January Veteran of the Month - Mr. George W. Blair
Meade County Veteran of the Month - JAN 2017
Mr. George W. Blair from Pleasant Valley
U.S. Army: Service years / 1943-1945
Mr. Blair heard about the Japanese attack on Pearl Harbor while he was at the Tilford ice skating rink. Like a legion of other patriotic Americans, this attack called him to action and he became a pilot. To be a pilot required a two year college degree - but his advisor told him to ignore it and enroll in classes because soon enough - America might lower that standard. Mr. Blair did just that and enrolled in classes and flight lessons. He was eventually sent to Randolph Field, TX for flight training. Mr. Blair said that he went to his uncle (who had also been in the military) for advice before he left. His uncle told him, “stand in the back row, keep your eyes and ears open, and your mouth shut.”
He was transferred to South Carolina for 6 months training on a bomber unit. He was one of the units that was able to fly the new shiny B25. He earned his flight wings in August 1943; sixteen months after joining the military - he was sent to join the fight.
His first combat missions were against a Japanese airfield. He can recall seeing black spots in his vision; seconds later realizing he was being shot at. For close to a year, he flew 46 more combat missions.
March 28, 1945 found him on an immense mission. During that mission, his fleet was dropping 27 bombs at max speed from low altitudes and using their .50 cal machine guns. The return fire created an oil leak in the starboard engine. Mr. Blair decided to shut down the engine and try to continue on a single engine, 15 miles back to mainland. It was no longer a good idea; if they had landed, they would become Prisoners of War. In a last second decision, they decided to take to the water in hopes of a US rescue. Another flight had radioed in for them and dispatched a US submarine that was patrolling around. As the bomber was skimming across the water, he hit his head on the gunsights and lost consciousness. Soon after, Mr. Blair woke up and the other crew members were already in the water. He had to inflate each side of his vest while fighting the 10 foot swells. Wave after wave would hit him making it difficult to breath. Just when he thought he was going to give up; he looks up to see Viola (sweetheart) in color with the sky in the background. He told himself that if he wanted to get home to see her, he better start fighting for his life. Soon thereafter, the US submarine showed up and pulled him to safety. That was Mr. Blairs last combat mission.
After healing from many stitches in his head and other responsibilities, he was able to come back to SD. He and Viola were married, but only after the war was over in November of 1945. He sent a telegram home to his parents requesting they send him his best suit. He only bought her a wedding ring - due to how expensive the engagement rings were. Fast forward 20 years later, Mr. Blair asked her what she wanted for an anniversary gift? She replied an engagement ring, which she got that year. Not long after, they bought their first ranch and would fully retire in 1995 on their Pleasant Valley place.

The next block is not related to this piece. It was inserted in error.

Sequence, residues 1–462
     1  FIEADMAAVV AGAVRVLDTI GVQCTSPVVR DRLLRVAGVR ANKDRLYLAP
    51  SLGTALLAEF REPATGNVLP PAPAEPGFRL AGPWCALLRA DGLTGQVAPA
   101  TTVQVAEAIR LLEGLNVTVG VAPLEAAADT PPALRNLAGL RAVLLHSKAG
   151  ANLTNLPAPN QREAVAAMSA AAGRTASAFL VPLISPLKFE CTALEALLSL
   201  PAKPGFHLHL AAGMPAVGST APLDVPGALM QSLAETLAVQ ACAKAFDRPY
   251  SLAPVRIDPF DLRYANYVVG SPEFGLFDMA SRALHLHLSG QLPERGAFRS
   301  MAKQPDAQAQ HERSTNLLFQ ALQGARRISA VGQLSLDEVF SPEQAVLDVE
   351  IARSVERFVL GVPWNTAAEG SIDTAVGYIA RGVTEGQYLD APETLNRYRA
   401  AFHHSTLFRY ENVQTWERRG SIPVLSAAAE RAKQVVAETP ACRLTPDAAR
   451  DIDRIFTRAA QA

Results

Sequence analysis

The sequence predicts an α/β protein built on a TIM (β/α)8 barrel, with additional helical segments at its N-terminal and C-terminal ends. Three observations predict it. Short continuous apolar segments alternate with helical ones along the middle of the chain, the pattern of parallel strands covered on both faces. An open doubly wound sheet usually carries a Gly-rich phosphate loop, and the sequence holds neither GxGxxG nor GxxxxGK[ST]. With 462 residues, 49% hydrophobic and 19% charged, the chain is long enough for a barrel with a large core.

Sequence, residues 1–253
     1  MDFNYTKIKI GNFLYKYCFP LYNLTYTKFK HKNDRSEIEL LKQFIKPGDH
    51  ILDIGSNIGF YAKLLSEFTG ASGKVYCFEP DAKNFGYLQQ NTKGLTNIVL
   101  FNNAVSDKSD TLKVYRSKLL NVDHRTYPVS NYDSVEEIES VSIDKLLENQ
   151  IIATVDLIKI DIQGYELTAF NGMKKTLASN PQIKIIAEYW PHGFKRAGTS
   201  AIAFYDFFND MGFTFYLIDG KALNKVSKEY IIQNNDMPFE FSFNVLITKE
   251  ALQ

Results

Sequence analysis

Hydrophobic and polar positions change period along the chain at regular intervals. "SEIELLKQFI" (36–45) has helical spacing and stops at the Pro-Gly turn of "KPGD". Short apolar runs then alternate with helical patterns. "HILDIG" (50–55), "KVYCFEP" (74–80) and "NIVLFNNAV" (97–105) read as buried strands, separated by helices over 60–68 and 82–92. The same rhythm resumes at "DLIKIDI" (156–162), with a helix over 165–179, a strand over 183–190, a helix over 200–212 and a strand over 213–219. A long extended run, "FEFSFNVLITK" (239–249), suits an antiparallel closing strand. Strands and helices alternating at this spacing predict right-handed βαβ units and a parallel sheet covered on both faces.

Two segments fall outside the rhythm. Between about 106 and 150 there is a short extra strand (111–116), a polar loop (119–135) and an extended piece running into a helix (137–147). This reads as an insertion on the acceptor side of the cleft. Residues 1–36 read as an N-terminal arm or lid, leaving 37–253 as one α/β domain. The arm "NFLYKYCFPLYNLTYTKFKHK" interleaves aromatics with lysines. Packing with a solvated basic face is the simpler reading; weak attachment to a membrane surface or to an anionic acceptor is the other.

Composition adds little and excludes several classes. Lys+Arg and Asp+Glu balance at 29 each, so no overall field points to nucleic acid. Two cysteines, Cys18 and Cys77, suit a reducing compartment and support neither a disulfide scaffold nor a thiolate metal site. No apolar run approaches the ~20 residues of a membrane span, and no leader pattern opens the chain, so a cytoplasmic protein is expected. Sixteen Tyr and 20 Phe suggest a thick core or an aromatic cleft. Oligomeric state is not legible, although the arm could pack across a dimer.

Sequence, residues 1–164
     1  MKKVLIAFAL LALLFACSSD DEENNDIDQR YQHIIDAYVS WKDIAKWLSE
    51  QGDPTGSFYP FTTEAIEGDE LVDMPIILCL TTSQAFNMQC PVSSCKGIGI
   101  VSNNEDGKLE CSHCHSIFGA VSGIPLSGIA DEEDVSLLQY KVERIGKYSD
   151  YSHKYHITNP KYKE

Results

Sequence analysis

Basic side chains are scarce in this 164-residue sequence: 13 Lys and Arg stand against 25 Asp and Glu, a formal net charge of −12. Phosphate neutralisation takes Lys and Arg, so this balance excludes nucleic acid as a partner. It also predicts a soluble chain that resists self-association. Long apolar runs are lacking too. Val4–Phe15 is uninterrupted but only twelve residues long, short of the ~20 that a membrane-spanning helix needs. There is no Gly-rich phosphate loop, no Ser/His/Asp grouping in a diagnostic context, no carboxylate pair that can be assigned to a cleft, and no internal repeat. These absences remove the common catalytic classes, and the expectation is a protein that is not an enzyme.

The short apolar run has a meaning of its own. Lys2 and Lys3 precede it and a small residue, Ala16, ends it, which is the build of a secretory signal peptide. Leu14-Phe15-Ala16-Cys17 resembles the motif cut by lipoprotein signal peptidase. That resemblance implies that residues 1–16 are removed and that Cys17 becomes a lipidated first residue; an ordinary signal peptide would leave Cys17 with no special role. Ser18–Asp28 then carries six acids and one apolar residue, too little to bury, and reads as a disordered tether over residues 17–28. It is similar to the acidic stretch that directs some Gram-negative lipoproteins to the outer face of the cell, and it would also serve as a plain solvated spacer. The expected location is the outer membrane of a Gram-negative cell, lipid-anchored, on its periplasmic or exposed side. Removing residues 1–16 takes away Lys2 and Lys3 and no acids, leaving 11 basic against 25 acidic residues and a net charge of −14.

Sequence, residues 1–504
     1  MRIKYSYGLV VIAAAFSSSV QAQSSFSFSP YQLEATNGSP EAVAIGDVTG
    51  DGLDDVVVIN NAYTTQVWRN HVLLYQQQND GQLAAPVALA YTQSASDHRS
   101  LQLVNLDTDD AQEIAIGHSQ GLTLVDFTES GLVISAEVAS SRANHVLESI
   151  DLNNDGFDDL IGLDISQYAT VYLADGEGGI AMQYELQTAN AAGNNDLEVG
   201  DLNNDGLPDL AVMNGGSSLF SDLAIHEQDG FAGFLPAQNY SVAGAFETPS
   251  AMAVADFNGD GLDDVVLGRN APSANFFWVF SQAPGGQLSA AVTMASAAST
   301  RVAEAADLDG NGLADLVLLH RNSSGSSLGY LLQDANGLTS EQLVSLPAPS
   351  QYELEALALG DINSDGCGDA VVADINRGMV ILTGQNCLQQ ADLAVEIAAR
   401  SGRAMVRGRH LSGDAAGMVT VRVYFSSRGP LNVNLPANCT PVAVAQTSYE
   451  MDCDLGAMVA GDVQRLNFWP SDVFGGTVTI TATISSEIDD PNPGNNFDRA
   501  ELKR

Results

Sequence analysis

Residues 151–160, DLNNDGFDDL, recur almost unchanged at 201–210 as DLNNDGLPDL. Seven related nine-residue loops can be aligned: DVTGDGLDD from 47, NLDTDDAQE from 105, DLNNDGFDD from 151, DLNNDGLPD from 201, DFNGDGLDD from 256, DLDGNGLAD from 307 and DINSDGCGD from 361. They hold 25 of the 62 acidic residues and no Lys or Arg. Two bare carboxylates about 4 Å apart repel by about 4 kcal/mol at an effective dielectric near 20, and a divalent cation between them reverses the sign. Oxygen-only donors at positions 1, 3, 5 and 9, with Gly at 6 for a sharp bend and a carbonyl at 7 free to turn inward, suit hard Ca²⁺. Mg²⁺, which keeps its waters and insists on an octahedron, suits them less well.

They have 9 children, 25 grandchildren, and 8 great-grandchildren.
Mr. Blair served in the SD legislature from 1978-1986. Mr. Blair’s hobbies include: baseball, crosswords, playing scrabble, and ultimately spending time with family.
Mr. Blair has been awarded the Purple heart, Asiatic-pacific theatre medal , Air medal, American campaign medal, WWII victory medal, Philippine liberation medal and Bronze star.
February 2017 Veteran of the Month: Mr. Terry Corkins
Mr. Terry Corkins: Sturgis, SD
Service years: 1984-1991
Mr. Corkins joined the Army at the age of 21. He was first sent to Fort Knox, KY and Fort Benning, GA. His career field was a M1 Armor Crewman which is responsible for operating armored equipment, such as the tanks used to destroy enemy positions.
Mr. Corkins served a tour in Korea for one year. He was then sent to Fort Polk, Louisiana where he finished his time and was then honorably separated from the military.
Mr. Corkins has been awarded:
Army Service Ribbon
Army Lapel Button
Good Conduct Medal
Overseas Service Ribbon
Army Achievement Medal (1st Oak Leaf Cluster)
National Defense Service Medal
Following his military service he came back home to South Dakota where he worked as in varied professions to include: long haul truck driver and construction worker. The call to service was ever echoing and he has been the caretaker supervisor at the Black Hills National Cemetery for the past 17 years. At times, he has also served as the acting director at the Black Hills National Cemetery in the absence of an appointed director.
Mr. Corkins is a member of the local American Legion in Sturgis. He plays a mean game of darts and watches baseball - but overall, he really enjoys spending time with his family and particularly his grandson.